Nutrition Services & Better Health
Certain food groups (like sugar, grains, dairy and legumes) could be having a negative impact on your health and fitness without you even realizing it. Are your energy levels inconsistent or non-existent? Do you have aches and pains that can’t be explained by over-use or injury? Are you having a hard time losing weight no matter how hard you try? Do you have some sort of condition (like skin issues, digestive ailments, seasonal allergies or fertility issues) that medication hasn’t helped? These symptoms may be directly related to the foods you eat – even the “healthy” stuff. So how do you know if (and how) these foods are affecting you?
Strip them from your diet completely. Cut out all the psychologically unhealthy, hormone-unbalancing, gut-disrupting, inflammatory food groups for AT LEAST 30 days and see the changes. Let your body heal and recover from whatever effects those foods may be causing. Push the “reset” button with your metabolism, systemic inflammation, and the downstream effects of the food choices you’ve been making. Learn once and for all how the foods you’ve been eating are actually affecting your day to day life, and your long term health.
So, what do you eat;
Eat real food!
Eat meat, seafood, eggs, tons of vegetables, some fruit, and plenty of good fats from fruits, oils, nuts and seeds. Eat foods with very few ingredients, all pronounceable ingredients, or better yet, no ingredients listed at all because they’re totally natural and unprocessed.
Avoid these foods!
More importantly, here’s what NOT to eat for improving your health. Omitting all of these foods and beverages will help you regain your healthy metabolism, reduce systemic inflammation, and help you discover how these foods are truly impacting your health, fitness and quality of life.
- Do not consume added sugar of any kind, real or artificial. No maple syrup, honey, agave nectar, coconut sugar, Splenda, Equal, Nutrasweet, xylitol, stevia, etc. Read your labels, because companies sneak sugar into products in ways you might not recognize.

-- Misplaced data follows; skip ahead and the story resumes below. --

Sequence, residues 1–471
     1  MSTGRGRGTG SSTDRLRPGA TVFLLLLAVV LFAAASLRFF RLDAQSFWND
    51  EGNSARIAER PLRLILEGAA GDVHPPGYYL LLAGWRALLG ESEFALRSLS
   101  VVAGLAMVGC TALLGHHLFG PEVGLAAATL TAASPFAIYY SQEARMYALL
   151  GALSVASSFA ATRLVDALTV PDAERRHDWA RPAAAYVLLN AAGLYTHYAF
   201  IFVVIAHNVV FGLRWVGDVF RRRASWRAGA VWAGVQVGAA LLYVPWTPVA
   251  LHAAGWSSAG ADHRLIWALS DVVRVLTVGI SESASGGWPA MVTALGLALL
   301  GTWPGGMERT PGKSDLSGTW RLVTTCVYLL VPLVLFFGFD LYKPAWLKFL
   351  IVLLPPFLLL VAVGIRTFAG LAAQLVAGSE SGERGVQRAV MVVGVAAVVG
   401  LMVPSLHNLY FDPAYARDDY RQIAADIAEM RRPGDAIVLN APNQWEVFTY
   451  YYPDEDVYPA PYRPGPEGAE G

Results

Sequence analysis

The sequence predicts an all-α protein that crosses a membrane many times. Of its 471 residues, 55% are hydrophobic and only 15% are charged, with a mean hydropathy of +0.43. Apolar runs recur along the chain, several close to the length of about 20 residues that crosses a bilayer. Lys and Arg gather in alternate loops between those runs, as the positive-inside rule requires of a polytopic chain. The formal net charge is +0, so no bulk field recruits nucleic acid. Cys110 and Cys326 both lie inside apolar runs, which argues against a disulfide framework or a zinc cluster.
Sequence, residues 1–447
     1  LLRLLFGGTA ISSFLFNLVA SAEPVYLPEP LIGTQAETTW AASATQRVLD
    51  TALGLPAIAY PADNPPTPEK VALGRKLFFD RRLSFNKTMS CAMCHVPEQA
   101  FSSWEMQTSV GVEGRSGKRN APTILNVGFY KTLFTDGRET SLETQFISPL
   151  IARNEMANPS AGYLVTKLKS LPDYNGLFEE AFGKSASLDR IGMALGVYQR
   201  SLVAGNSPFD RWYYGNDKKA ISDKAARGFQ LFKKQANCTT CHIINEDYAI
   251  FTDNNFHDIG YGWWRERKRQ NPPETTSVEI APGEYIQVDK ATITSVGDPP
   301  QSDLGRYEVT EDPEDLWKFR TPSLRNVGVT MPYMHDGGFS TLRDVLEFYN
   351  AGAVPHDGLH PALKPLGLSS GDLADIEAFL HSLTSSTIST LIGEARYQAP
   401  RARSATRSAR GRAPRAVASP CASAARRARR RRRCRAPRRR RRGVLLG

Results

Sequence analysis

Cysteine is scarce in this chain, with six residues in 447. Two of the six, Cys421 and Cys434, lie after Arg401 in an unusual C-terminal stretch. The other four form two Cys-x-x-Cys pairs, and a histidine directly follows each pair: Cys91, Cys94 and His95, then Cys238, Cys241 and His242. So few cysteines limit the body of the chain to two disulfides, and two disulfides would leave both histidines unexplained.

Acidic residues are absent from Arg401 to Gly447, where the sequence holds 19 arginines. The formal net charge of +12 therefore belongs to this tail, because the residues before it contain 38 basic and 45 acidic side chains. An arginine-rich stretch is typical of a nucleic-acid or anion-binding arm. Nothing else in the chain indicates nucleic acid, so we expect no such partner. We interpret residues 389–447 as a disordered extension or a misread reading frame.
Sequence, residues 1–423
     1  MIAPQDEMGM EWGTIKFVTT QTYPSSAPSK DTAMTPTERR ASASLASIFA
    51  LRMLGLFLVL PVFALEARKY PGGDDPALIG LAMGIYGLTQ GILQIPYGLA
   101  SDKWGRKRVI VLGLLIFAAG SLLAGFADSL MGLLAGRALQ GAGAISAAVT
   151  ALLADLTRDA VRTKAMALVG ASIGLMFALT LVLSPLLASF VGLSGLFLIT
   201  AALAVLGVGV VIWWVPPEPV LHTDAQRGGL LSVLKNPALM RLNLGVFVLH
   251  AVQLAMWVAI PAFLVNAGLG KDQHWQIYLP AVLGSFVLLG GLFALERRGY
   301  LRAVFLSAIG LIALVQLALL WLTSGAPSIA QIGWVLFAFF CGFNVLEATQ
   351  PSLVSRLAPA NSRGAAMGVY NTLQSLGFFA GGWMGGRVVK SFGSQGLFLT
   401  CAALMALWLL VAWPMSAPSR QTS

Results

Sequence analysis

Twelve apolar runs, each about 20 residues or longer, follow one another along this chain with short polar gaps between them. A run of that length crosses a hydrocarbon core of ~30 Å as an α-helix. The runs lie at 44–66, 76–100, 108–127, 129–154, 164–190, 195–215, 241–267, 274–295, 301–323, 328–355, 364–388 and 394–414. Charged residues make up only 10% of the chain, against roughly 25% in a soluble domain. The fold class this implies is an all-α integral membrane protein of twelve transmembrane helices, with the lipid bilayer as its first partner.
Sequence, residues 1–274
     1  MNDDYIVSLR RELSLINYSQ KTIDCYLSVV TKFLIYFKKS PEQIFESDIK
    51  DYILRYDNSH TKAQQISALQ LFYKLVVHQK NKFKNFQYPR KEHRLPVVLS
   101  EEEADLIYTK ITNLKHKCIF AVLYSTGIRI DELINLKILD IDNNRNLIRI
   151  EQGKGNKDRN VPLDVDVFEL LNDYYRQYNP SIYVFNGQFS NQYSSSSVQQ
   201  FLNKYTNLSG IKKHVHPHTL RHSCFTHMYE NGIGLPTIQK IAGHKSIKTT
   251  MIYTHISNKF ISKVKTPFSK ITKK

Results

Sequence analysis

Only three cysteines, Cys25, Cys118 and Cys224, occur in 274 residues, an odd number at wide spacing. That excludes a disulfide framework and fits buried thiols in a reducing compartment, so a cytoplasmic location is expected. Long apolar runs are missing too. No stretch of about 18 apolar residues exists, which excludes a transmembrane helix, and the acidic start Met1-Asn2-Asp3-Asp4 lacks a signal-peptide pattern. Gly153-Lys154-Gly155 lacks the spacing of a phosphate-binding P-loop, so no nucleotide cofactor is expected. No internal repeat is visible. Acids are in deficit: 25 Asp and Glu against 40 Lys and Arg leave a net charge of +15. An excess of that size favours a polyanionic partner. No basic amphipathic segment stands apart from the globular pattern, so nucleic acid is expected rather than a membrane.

- Do not consume alcohol in any form, not even for cooking. (And it should go without saying, but no tobacco products of any sort, either.)
- Do not eat grains. This includes (but is not limited to) wheat, rye, barley, oats, corn, rice, millet, bulgur, sorghum, amaranth, buckwheat, sprouted grains and all of those gluten-free pseudo-grains like quinoa. This also includes all the ways we add wheat, corn and rice into our foods in the form of bran, germ, starch and so on. Again, read your labels.
- Do not eat legumes. This includes beans of all kinds (black, red, pinto, navy, white, kidney, lima, fava, etc.), peas, chickpeas, lentils, and peanuts. No peanut butter, either. This also includes all forms of soy – soy sauce, miso, tofu, tempeh, edamame, and all the ways we sneak soy into foods (like lecithin).
- Do not eat dairy. This includes cow, goat or sheep’s milk products such as cream, cheese (hard or soft), kefir, yogurt (even Greek), and sour cream… with the exception of clarified butter or ghee. (See below for details.)
- Do not consume carrageenan, MSG or sulfites. If these ingredients appear in any form on the label of your processed food or beverage, it’s out!
These foods are exceptions to the rule, and are allowed.
- Clarified Butter or Ghee. Clarified butter or ghee is the only source of dairy allowed. Plain old butter is NOT allowed, as the milk proteins found in non-clarified butter could impact the results of your program.
- Fruit juice as a sweetener. Some products or recipes will include fruit as a sweetener, which is fine.
- Certain legumes. We’re fine with green beans, sugar snap peas and snow peas. While they’re technically a legume, these are far more “pod” than “bean,” and green plant matter is generally good for you.
- Most forms of vinegar, including white, balsamic, apple cider, red wine, and rice, are allowed. The only exceptions are vinegars with added sugar, or malt vinegar, which generally contains gluten.
- Salt. Did you know that all iodized table salt contains sugar? Sugar (often in the form of dextrose) is chemically essential to keep the potassium iodide from oxidizing and being lost. Because all restaurant and pre-packaged foods contain salt, we’re making salt an exception to our “no added sugar” rule.
We like to follow the guidelines of the Whole 30 diet. The book lays out what you can eat and cannot eat while you eat your way to better health. If you need help with your diet plan call us at 847-842-8070 and ask about our dietary coaching and toxin detox programs.
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* For emergency or after hour appointments, call or text Dr. Van Ness at 224-622-5836
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